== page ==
When you buy life insurance, the insurer agrees to pay your beneficiary a lump sum if you die while the policy is active. But if you die during the first two years of the policy, the insurer has the right to investigate your application for fraud and misrepresentation before they pay out. This is called the contestability period.
During the period of contestability, the life insurance company can be exempt from paying out the death benefit if it finds intentional misrepresentations in your application. For example, if you purposefully concealed a depression diagnosis, the company could deny or reduce the amount your beneficiary receives.
What is the life insurance contestability period?
The period of contestability is a clause included in all life insurance policies that allows the insurer to review your application for incorrect information. It usually lasts for two years after the policy begins.
The contestability period helps protect the life insurance company from fraud — statistically speaking, it’s very unlikely that you die during the first two years of a life insurance policy. It helps the insurer to confirm you didn’t withhold or lie about any health or lifestyle-related information during the application process.
The misrepresentations don’t have to be related to your cause of death. For example, if you die in a car accident but also failed to disclose a history of drug or alcohol abuse, the life insurance company can deny your death claim.
The best way to ensure that your beneficiaries are taken care of in the event of your death is to be honest and forthcoming on your life insurance application. That way, the insurer won’t have any concerns during the contestability period.
What happens if you lie on a life insurance application?
If you’re purposefully dishonest, for example, about your health, the insurance company usually finds out. During underwriting — the process during which the insurer reviews the information you shared on your application to assess your risk and determine the cost of your policy — most people take a medical exam, which includes routine blood and urine testing, which can reveal any inconsistencies about your health.
The insurance company also compares your statements against a report from the Medical Information Bureau (MIB), which compiles information like previous surgeries and medical diagnoses using other insurance applications you’ve completed.
If the insurer discovers that you lied, that will go on your MIB report too, which could cause other insurers to deny you coverage in the future. Any insurance company that would have approved you if you had been honest about something from your past (for example, a medical diagnosis or your criminal history), will decline your application if it finds out you’ve been intentionally dishonest.
If you made a simple mistake on your application, like forgetting to name a prescription, don’t worry. There are opportunities to correct unintentional errors. Contact your insurance agent and they will be able to help you update your information.
The contestability period exists to penalize people who hid or lied about critical information that helped them to take advantage of lower premiums meant for less risky applicants. It’s not meant to provide loopholes for insurers to avoid offering the financial protection they agreed to provide if you pass away.
What is the incontestability clause?
In some extreme circumstances, the insurance company withholds or reduces the death benefit if it discovers fraud in your application even after the contestability period has expired. This is rare and usually only happens in cases of blatant fraud.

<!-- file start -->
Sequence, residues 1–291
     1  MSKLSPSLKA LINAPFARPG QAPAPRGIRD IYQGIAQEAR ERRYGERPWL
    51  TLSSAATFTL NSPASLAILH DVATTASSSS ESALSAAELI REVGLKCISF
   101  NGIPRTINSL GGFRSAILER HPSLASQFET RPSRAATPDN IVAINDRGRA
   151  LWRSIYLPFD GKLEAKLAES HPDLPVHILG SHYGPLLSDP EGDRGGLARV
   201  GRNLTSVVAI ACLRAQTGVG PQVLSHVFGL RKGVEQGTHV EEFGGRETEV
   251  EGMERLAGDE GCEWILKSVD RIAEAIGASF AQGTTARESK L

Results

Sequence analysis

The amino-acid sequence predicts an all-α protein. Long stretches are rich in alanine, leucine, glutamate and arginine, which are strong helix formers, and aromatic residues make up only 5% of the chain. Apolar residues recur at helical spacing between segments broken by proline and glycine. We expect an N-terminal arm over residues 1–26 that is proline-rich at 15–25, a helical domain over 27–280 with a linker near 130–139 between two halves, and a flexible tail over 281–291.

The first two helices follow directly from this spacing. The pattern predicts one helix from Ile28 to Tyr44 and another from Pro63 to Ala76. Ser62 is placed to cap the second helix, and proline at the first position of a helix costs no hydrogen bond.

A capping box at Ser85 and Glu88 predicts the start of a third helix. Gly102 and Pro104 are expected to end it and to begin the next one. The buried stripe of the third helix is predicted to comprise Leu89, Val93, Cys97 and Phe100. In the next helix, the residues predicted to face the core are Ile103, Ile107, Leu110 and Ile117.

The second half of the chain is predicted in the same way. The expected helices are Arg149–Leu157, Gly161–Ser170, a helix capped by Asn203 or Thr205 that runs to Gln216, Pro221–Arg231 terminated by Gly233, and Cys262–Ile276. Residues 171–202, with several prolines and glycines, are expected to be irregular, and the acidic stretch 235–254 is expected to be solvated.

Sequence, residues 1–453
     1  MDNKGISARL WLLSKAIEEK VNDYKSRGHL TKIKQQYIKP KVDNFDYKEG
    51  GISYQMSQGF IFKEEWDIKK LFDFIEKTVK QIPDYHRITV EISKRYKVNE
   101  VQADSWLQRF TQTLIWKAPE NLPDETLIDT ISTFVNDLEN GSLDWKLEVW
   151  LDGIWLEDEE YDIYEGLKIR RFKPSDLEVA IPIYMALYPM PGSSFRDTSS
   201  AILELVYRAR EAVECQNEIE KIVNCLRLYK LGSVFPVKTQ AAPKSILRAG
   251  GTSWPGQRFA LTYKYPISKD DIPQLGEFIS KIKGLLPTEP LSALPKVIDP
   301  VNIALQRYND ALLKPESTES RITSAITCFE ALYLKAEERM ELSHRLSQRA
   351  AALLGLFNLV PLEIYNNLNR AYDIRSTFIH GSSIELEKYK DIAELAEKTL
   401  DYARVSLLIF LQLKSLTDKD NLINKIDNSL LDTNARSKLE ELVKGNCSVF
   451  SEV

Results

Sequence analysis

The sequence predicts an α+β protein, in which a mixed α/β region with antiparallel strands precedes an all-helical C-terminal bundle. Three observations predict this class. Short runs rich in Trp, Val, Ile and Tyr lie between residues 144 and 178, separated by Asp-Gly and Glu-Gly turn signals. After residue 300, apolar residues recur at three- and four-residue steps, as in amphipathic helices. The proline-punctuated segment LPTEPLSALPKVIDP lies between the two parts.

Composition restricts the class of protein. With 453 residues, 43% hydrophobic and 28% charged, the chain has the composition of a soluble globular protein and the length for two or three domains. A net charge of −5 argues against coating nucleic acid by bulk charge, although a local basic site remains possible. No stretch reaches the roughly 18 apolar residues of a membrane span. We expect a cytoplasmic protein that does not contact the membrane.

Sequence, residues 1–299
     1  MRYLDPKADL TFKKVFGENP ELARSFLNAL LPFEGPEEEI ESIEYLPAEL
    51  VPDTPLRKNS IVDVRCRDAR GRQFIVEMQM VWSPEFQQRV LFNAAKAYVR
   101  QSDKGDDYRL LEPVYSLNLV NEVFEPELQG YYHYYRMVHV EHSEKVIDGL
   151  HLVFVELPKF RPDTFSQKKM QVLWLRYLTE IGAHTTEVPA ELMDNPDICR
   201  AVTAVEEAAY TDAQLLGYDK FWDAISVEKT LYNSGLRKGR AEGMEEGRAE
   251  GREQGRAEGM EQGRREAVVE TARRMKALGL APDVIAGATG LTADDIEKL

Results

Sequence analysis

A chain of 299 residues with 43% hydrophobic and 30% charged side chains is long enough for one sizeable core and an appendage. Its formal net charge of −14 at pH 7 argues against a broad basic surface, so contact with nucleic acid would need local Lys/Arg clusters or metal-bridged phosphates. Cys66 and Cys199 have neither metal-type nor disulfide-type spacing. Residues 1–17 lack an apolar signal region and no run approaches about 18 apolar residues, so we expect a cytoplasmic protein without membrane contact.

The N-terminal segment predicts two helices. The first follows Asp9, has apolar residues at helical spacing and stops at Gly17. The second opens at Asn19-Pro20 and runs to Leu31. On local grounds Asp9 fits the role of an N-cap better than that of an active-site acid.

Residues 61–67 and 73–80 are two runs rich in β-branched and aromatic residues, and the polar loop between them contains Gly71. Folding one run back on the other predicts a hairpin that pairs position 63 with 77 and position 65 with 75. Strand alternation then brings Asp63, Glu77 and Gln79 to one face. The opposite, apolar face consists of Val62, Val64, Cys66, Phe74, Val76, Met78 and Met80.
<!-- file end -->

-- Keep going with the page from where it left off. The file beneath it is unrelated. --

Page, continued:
However, there are policies that combat this chance by including an incontestability clause. This clause prevents insurers from investigating claims made after the contestability period — which guarantees that your beneficiaries will receive the payout if you die two years after the policy went into effect.
If you have an incontestability clause, it will be clearly listed in your policy documents. Read your policy thoroughly or ask your insurer for help if you’re unsure whether you have this protection.
What happens if my policy lapses?
If you fall behind on your premiums, your policy will eventually lapse, becoming inactive. You’ll have to re-apply for life insurance through a new policy to regain coverage.
You’ll pay higher premiums based on your older age and you’ll go through the underwriting process again. You’ll also start a new contestability period.
This means if you conceal information on your new application and die during the first two years of the new policy, your beneficiaries could lose out on the death benefit just as they would the first time around.
Is the suicide clause different from the contestability period?
Most life insurance policies also include a suicide clause. While the suicide clause overlaps with the contestability period, it’s a separate part of your policy.
The suicide clause gives the company the ability to reject your beneficiary’s claim if the cause of death was self-harm and you died within the first two to three years after the policy became active — the exact period will be stated in your policy. Suicide clauses exist to deter someone from buying a policy with the intention of harming themselves and leaving money to their beneficiaries.
If you die by suicide after the suicide clause has expired, your insurer will pay the death benefit. As with the contestability period, the suicide clause period resets if you get a new policy.
If you or someone you know is in crisis, you can reach the National Suicide Prevention Lifeline by calling or texting 988. The service is free and available 24 hours a day, seven days a week. The deaf and hard of hearing can contact the Lifeline via TTY by using your preferred relay service or dialing 711 then 988. All calls are confidential.